What’s in a (Character’s) Name?

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As an adoptive mom, I didn’t get to name my children; at ages 4 and 7, my darlings already had names when they joined our family. Good thing for me I get to create plenty of names for characters!  Sometimes I put a lot of research into names, choosing them based  on their etymology and past usage in literature and history. But sometimes the sound of something strikes me and I can’t call a character anything else. I almost always check a name’s meaning to make sure it doesn’t clash with the character’s personality.

Click the image to find out more about How Beauty Loved the Beast

For The Tales of the Underlight, coming up with Jolie’s name was easy. She comes from Houston, Texas—right near the Louisiana border. Her family moved to Texas out of Acadiana (southern Louisiana), so her name reflects the French influence of that area. Beauty and the Beast is a French fairy tale, after all! Jolie means “beautiful,” and Benoit (pronounced Ben-wah in her family’s case) is a French surname that means “blessed.” I like the way Jolie Benoit sounds, and it makes sense for the character. I had also thought the last name a rarity…and then a fellow Carina author and I had a laugh when we discovered the heroine of her book releasing the same day as my series opener How Beauty Met the Beast (the amazing Undercover Professor—if you like contemporary romance, check it out!) was also named Benoit. What a wild coincidence!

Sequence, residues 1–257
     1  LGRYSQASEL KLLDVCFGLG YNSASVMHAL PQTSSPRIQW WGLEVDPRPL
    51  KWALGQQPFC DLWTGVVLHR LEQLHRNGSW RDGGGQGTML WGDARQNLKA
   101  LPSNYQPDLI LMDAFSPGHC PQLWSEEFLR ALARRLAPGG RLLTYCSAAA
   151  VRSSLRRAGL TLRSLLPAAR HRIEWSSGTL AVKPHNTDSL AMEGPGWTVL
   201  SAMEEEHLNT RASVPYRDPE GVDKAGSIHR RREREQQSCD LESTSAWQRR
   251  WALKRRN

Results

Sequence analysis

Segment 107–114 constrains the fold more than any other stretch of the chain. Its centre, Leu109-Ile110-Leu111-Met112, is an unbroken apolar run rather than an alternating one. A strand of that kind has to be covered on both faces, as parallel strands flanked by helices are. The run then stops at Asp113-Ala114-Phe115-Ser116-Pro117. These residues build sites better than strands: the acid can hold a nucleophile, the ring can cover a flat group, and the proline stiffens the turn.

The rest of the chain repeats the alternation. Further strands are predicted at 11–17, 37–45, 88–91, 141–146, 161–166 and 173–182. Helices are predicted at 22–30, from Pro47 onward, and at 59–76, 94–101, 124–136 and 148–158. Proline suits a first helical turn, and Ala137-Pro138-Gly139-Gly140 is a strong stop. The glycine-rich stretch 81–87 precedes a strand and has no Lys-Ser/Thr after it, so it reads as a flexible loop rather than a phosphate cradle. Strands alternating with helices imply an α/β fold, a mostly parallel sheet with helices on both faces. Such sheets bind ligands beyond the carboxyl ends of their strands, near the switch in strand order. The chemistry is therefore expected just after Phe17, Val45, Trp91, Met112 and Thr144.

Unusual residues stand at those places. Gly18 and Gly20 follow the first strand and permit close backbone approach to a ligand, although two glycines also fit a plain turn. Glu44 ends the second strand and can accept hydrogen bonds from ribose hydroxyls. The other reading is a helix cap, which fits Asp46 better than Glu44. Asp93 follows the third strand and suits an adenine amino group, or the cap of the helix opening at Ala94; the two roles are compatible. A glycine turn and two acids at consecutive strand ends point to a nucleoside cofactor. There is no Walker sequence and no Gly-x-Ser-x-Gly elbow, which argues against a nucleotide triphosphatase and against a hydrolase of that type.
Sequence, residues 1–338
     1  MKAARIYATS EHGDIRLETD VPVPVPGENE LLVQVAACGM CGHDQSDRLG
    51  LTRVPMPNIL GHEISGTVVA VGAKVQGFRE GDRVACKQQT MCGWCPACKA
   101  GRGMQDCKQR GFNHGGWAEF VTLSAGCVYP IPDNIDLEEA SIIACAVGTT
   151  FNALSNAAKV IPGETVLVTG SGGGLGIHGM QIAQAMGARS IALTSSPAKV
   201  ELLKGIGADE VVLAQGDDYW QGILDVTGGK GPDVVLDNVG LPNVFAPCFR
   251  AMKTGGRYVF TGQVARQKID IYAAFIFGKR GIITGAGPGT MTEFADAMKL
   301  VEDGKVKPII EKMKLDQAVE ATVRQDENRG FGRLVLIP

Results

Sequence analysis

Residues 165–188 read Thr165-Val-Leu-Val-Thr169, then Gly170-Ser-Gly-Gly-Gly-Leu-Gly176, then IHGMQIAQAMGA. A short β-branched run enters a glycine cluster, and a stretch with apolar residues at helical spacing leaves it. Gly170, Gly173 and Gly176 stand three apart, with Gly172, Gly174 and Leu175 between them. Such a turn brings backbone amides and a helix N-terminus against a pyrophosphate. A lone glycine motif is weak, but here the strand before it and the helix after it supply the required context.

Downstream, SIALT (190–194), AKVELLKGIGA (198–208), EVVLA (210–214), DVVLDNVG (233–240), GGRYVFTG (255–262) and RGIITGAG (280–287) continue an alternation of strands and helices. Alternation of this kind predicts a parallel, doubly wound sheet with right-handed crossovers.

Naming hero Wesley Haukon, or “Hauk” as everyone calls him, was a little more complicated. Since he is Heathen and worships the Norse gods, I decided to pull from Scandinavian names instead of French for him. Though Hauk is a working class hero, his last name is an Americanization of Håkon, from Norwegian royalty, and means “noble son,” a reference to his status as the prince of the tale. It also allowed me to use the nickname “Hauk.” As he is our beast, I wanted to use an animal-related name just as I used the word “beautiful” for the beauty of the tale. Plus he has a phoenix tattoo to represent him rising from the ashes of the fire that scarred him, so I liked the idea of using a bird instead of a more traditional furry beast. (Hauk is the opposite of furry, after all, as his burn scarring doesn’t allow hair to grow!) His first name has a far simpler origin. I paid tribute to one of my favorite movie heroes of all time—farm boy Wesley from The Princess Bride.

What are some of your favorite names? Does the meaning of a name matter to you, or is the sound of it more important?

Jax Garren is descended from Valkyries and Vikings (she’s part Swedish) but was raised a small town girl in the Texas Hill Country. She graduated from The University of Texas with a degree in English and a minor in Latin then found her own Happily Ever After with a handsome engineer who is saving the world through clean energy technology. Jax loves meeting new people, so if you see her out and about say hello! She’s always happy to raise a glass with her readers (or anyone else) to toast courage, adventure and love.

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2 thoughts on “What’s in a (Character’s) Name?”

  1. I’m currently reading a novella where the main character’s name is Silence–and the thought of a character who’s deliberately chosen to be silent is a large part of the reason why I picked up the book. Names with less obvious meanings matter less to me.

    BTW, I finished reading How Beauty Loved the Beast yesterday and LOVED it!

  2. Reese Ryan says:

    It’s primarily the sound of the name and whether it seems to fit the character that I’m most concerned with when selecting a character’s name. However, in Making the First Move I did purposely select the last name of the heroine’s ex who break her heart many years ago. His name is Jaxson Payne.

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